White magick, black magick: What’s the difference?

White magick, black magick

“I’m a white Witch. He practices black magick.” If you spend enough time in witchy company, you’re sure to come across some discussion of shades and tints of magick. But what do these terms really mean? What beliefs and ideas do they encompass? And, more to the point, is there really a distinction between white magick (good) and black magick (evil)?

Before I launch into the whole white/black magick taxonomy, I should acknowledge that these terms have fallen out of favor in recent decades. Few contemporary Witches really use them to describe their practice. You can blame creeping moral relativism for the shift, but there’s really more to it than that.

Try it. Bring up black/white magick at a gathering of Witches, and count the mere seconds until someone blandly recites, “Magick is neither good nor bad, it’s your intention that counts.” Then someone else will pipe up and make an analogy between magick and a knife (or box of matches). A third person will add that the words “black” and “white” have an implicit racial bias, and shouldn’t be used to describe morality all. A chorus of Witches will chime in that “white magick” and “black magick” are reductive, insensitive, and outdated terms.

Magick is a tool that can be used for good or evil. It’s your intention that matters. Sure, it’s a loathsome cliché. But it does neatly sum up how many Witches feel about the ethical status of magickal work. That’s another way of saying that any spell or working that’s done with good intentions is white magick.

Is it ever that simple? Of course not! Why? Because human intentions are never that simple. But, when you’re explaining to your grandma why witchcraft isn’t Devil worship, I suppose it’s enough.

I could stop right there, but my psychic powers tell me that some of you won’t be satisfied with such a glib answer. So let’s drill down a little further into the “colors” of magick.

The history of an idea

While the dichotomy of white versus black magick may be out of fashion at the moment, it’s not going away anytime soon. This concept can be traced all the way back to the earliest medieval writers on occultism. Though nobody likes to admit it, the entire Western esoteric tradition is built on a foundation of medieval magick. (And that includes a framework of Judaeo-Christian cosmology.) Even Wicca has never really escaped the long shadow of Jehovah. Trying to extract the medieval worldview from Western occultism is a bit like boning out a whole chicken: The end result may be more palatable, but also rather flat and wobbly.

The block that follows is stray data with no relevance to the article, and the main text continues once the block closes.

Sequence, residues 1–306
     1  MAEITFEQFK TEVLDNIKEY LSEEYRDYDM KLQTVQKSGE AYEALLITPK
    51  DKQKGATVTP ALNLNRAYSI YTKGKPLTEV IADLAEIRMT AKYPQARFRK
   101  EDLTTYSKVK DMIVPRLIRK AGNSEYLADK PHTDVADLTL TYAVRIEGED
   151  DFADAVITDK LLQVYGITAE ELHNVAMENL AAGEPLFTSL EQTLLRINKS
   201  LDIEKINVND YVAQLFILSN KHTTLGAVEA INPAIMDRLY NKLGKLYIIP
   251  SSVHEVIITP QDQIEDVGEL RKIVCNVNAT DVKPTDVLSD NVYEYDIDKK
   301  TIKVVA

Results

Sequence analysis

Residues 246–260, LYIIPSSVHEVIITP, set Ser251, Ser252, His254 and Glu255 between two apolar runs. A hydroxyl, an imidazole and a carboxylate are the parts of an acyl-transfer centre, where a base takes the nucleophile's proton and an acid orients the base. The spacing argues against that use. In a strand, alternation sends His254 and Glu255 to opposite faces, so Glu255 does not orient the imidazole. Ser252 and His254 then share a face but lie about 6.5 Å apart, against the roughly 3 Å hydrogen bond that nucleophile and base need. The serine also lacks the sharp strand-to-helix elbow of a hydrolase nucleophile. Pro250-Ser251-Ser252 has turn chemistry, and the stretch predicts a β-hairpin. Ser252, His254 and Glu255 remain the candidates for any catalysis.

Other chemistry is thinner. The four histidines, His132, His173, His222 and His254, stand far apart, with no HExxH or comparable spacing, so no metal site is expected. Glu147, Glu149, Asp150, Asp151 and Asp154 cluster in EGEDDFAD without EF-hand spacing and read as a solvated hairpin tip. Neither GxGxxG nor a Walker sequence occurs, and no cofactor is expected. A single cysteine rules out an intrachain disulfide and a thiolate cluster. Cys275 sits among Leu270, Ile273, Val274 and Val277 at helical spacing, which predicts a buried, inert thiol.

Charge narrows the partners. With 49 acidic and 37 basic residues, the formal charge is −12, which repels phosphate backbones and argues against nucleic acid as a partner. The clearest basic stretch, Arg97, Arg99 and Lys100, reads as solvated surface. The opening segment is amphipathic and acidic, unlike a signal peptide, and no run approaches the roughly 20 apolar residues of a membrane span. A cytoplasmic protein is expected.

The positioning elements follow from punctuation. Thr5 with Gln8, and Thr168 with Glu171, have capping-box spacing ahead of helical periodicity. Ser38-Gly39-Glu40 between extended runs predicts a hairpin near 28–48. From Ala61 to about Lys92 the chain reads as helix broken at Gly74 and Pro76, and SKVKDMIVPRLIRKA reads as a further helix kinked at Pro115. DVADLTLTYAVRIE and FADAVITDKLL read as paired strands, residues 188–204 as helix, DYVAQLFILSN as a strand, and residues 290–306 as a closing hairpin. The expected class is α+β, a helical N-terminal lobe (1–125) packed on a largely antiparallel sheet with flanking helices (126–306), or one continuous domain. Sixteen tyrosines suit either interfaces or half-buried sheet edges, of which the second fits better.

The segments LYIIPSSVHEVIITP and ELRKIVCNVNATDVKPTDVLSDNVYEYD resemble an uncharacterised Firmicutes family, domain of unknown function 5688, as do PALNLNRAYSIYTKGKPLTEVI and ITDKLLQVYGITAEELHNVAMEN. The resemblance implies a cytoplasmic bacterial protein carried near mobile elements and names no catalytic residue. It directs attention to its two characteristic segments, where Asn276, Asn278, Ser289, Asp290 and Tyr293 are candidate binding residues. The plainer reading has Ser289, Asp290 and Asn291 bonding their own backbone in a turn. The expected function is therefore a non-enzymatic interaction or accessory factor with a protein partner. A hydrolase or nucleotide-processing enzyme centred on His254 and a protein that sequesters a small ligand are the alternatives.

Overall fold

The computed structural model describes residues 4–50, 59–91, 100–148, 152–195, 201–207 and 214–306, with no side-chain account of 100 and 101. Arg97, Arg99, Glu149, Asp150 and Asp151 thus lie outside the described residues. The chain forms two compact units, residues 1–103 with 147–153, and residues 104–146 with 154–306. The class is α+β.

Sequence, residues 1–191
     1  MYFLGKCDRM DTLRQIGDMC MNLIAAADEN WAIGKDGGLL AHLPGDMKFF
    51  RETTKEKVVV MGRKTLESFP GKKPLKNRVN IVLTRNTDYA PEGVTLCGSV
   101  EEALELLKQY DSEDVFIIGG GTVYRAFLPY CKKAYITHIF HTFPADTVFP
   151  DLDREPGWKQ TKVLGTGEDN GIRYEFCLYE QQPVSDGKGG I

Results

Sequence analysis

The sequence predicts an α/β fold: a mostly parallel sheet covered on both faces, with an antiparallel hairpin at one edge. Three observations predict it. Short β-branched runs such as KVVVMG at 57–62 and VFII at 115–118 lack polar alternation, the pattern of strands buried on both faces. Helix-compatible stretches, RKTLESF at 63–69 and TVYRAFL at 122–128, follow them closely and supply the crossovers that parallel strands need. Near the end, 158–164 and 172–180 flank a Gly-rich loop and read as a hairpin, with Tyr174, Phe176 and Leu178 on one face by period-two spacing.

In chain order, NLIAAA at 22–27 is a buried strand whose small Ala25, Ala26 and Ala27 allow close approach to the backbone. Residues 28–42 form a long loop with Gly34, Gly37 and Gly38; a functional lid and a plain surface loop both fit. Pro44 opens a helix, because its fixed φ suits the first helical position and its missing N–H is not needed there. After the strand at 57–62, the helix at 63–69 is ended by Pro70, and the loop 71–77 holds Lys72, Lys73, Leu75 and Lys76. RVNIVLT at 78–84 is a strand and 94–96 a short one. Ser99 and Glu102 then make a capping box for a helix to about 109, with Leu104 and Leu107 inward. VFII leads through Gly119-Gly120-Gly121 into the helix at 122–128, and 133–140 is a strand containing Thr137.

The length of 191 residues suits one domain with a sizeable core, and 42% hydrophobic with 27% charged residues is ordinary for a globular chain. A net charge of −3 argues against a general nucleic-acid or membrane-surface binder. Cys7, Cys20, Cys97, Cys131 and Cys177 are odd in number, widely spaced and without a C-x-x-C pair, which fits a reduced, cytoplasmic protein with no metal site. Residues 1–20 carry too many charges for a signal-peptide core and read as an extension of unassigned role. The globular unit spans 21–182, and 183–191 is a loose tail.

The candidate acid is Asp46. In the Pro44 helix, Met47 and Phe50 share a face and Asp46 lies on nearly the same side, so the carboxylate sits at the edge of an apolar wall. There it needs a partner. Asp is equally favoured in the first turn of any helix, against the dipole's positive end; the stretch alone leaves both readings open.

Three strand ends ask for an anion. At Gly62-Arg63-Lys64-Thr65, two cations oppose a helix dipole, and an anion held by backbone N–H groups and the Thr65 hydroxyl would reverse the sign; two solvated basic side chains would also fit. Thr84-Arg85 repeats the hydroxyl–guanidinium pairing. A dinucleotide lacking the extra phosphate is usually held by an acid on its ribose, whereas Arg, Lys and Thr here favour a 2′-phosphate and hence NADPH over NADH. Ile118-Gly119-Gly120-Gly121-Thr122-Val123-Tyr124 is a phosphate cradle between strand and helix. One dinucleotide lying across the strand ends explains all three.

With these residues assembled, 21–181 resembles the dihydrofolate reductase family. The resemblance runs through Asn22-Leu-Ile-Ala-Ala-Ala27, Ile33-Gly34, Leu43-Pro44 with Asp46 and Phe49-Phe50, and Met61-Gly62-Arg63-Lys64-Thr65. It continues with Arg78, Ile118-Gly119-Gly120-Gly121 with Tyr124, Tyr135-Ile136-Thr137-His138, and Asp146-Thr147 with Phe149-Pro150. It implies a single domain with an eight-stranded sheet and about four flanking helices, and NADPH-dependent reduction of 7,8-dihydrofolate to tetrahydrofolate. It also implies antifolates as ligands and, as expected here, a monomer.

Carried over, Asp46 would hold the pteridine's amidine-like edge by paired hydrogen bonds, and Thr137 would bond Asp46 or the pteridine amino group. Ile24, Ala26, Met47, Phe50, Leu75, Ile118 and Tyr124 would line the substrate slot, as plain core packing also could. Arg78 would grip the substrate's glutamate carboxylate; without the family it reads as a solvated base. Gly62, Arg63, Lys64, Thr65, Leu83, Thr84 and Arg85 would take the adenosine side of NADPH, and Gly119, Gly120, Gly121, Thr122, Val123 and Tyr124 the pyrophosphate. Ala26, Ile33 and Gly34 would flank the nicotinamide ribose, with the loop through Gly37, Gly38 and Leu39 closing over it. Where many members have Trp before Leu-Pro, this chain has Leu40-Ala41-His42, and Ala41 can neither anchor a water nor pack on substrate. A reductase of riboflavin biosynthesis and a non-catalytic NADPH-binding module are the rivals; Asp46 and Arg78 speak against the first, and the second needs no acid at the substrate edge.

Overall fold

The 12th and 13th centuries were a very exciting period of magickal discovery. Ancient traditions of geometry, astronomy, proto-chemistry, written language, and image-making were being rediscovered after getting buried during Europe’s Dark Ages. The medieval grimoires rushed to synthesize all this knowledge into a comprehensive map of all Creation. Fueling it all was a yearning to match the massive achievements of the Classical world.

Nostalgia for ancient times is something that many Witches and polytheists can relate to. And while we might be tempted think of the Pagan empires—Egypt, Greece, and Rome—as being happy magickal paradises, some of that is wishful thinking. State-sanctioned magick was basically limited to oracles and priests of the gods. Most ancient legal codes contain laws against witchcraft—including sorcery, necromancy and poisoning.

It’s not always spelled out in black and white (heh), but as long as magick has existed, there have been legal and social rules governing its use. Early civilizations did distinguish between approved and unapproved types of magick. Acceptable types—like augury and healing—were usually practiced under the sponsorship of some deity. As far as personal magick, you might ask Ra to punish your enemies or pray to Diana for fertility. Maybe you’d even sweeten the pot with a generous gift or carefully made tablet or talisman.

But that was as far as it was safe to go. You made your offerings, and you prayed to the gods for omens or favors. If you didn’t get your way, one can presume, you upped the ante and tried again. Anyone caught trying to manipulate the natural order of things through forbidden arts was distrusted as the worst type of criminal.

If you think about witchcraft laws from a sociopolitical point of view, they make a lot more sense. Kings and priests don’t want their authority undermined by every hedge-witch and soothsayer in the land. They can also do without the panic and turmoil that comes along with witchcraft scares. (On the other hand, arresting a handful of Witches every now and then is a tried and true from of propaganda—a way to show you’re still in charge and fear no one.)

Things were even stricter among the People of the Book. The Old Testament forbids witchcraft explicitly. Not just harmful sorcery in this case, but also polytheism, idolatry, fortune-telling, spell-casting, astrology, and mediumship. The scriptures demand complete trust in God, which was seen to be incompatible with occult practices. (Never mind the rumors that King Solomon himself practiced magick.) For centuries, Christians and Jews shunned witchcraft as a rebellious and faithless act against God. Predictive magick, such as astrology, was rejected as an affront to free will.